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  • A Question of Narration: The Voice in International Human Rights Law
  • Joseph Slaughter (bio)

The question of identification is never the affirmation of a pregiven identity, never a self-fulfilling prophecy—it is always the production of an image of identity and the transformation of the subject in assuming that image. 1

International human rights law codifies the rights of the individual in increasingly concrete and justiciable form, and reflects international consensus on the inviolability of the individual and on the urgency of enforcement of human rights that flow from that consensus. 2

I. Introduction: The “Subject” of this Paper

The two epigraphs that preface this article (the first taken from the field of contemporary literary and philosophical theory and the second from that of the international human rights law community) point to a central, but often underexamined, conception of human rights in contemporary society. Where Homi Bhabha identifies the production of human subjectivity as a psycho-metaphysical process of “assuming” an image of identity, 3 Rita Maran suggests that international consensus, as codified in international human rights law, constructs a juridical subjectivity based on the premise of [End Page 406] human dignity, “the inviolability of the individual.” 4 Examining the nature of the conflict between these two points of view, this paper will attempt to demonstrate the fruitfulness of a cross-disciplinary approach to understanding and formulating contemporary human rights policy and law. From its inception, human rights law has relied on both philosophical inquiry into, and sociological understanding of, the nature of human subjectivity, whether explicitly expressed or implicitly referenced. The nature of our understanding of human subjectivity is central to any thorough discussion of human rights. 5

This article will treat these competing conceptions of human subjectivity—a subjectivity based in inherent human traits and one that resides in a determinative process—as they influence, reflect, and respond to international consensus in the development of human rights law. Specifically, this article undertakes to analyze a particularly troublesome, yet resonant, historical event in order to contribute to the ongoing discussion of international human rights conceptions. A rough sketch of contemporary legal theorizations as they construct and reflect current conceptions of subjectivity will introduce a number of arguments about human rights, and how they should be understood in a post Cold War, post-colonial era. This discussion will lead to the proposition that human rights in general, and human rights law in particular, can be productively formulated in terms of narrative genres and narrative voices.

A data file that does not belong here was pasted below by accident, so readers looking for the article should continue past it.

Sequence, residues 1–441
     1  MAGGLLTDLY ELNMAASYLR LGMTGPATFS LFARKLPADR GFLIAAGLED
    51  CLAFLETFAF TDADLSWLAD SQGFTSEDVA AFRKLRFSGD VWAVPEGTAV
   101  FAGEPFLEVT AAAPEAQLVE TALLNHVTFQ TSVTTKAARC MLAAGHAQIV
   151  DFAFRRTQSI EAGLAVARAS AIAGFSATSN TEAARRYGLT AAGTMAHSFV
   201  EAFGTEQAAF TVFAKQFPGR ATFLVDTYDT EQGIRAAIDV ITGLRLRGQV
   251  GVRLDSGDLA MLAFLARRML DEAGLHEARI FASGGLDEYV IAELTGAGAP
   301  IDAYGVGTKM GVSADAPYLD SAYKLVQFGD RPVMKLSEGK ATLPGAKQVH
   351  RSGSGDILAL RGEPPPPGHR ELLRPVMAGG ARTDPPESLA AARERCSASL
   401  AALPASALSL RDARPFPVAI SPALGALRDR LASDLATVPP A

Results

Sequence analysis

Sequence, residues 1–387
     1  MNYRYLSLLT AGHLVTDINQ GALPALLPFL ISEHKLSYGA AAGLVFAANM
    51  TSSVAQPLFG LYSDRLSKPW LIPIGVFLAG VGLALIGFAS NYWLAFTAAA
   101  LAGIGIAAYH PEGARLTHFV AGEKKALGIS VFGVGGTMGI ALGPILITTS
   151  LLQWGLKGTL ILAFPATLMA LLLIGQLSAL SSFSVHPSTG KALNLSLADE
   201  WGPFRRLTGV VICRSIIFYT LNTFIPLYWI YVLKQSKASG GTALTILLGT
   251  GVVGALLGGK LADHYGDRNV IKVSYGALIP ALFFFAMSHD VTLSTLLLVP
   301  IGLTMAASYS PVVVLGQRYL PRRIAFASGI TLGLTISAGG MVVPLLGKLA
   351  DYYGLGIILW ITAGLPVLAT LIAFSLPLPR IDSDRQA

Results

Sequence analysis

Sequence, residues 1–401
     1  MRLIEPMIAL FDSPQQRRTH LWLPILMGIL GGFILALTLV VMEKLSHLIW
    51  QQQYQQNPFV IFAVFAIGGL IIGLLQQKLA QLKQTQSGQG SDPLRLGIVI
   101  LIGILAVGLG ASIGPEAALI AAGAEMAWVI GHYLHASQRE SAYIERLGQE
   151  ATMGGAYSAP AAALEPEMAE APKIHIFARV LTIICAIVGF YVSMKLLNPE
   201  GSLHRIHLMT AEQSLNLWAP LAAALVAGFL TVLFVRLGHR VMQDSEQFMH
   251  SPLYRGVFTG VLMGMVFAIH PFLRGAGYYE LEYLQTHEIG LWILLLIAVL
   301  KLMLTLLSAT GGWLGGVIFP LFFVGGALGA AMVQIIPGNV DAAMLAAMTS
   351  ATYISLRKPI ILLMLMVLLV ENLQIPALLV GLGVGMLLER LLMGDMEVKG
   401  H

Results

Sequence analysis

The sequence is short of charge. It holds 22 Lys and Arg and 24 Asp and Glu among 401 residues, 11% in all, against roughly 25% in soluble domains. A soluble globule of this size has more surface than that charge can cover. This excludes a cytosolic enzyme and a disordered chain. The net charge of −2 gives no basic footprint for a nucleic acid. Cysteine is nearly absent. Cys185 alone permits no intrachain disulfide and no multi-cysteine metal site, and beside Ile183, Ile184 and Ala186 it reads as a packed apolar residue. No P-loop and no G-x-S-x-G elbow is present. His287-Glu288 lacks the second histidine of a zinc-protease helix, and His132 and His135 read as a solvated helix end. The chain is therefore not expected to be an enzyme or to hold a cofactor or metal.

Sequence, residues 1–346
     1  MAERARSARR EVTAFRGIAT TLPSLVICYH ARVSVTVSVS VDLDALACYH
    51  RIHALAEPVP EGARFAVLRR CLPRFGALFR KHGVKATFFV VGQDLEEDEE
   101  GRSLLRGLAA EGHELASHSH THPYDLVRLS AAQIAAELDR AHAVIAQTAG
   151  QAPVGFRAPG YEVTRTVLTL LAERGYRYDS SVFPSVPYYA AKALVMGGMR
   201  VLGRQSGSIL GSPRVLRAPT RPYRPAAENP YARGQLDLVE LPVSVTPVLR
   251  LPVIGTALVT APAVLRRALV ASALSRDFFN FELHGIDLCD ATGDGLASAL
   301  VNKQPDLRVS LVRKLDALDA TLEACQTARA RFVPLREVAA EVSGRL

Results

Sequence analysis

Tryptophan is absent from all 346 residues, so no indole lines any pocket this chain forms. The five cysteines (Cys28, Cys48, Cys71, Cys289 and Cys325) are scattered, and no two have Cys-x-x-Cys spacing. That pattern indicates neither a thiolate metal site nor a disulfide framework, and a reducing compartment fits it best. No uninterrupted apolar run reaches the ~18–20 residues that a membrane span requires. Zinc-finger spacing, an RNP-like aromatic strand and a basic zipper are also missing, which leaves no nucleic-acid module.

Offering a detailed example of how human rights function as narrative constructions, this article will analyze the specific human rights violation of torture as practiced by the French in the historical context of the Algerian Revolution (1954–1962). 6 The decision to examine torture is not completely arbitrary. As a human rights violation, torture is paradigmatic in its implementation as a tool to destroy a speaking subject. Human rights violations target the voice, and therefore, the voice should be the focus of international human rights instruments. This can be accomplished by examining the details of other violations: the repression against Rigoberta Menchú by the Guatemalan Army in the late 1980s; the illegal detention of Jacobo Timerman in Argentina during the late 1970s; or the recent execution of Kenule Saro-Wiwa by the Nigerian government. However, the [End Page 407] details of the torture of civilians in Algeria by the French military and the colonial administration allow for a particularly dynamic investigation of the narrative of human rights because the torture occurred concurrently with UN General Assembly calls to end colonialism. Additionally, the state that was practicing torture was influential in the codification of international human rights norms and publicly prided itself on its dedication to those norms.

II. Narratability and Rubrics of Human Rights

In contemporary human rights discussions, many individuals in the international community have offered rubrics of rights that attempt to account for the evolving nature of international norms protecting human rights. These rubrications evidence the desire of the international community to develop a coherent, consistent justification for and definition of the “rights of man.” The recent works of three theorists have been influential in this endeavor: Burns Weston, 7 Richard Falk...

Additional Information

ISSN
1085-794X
Print ISSN
0275-0392
Pages
pp. 406-430
Launched on MUSE
1997-05-01
Open Access
No
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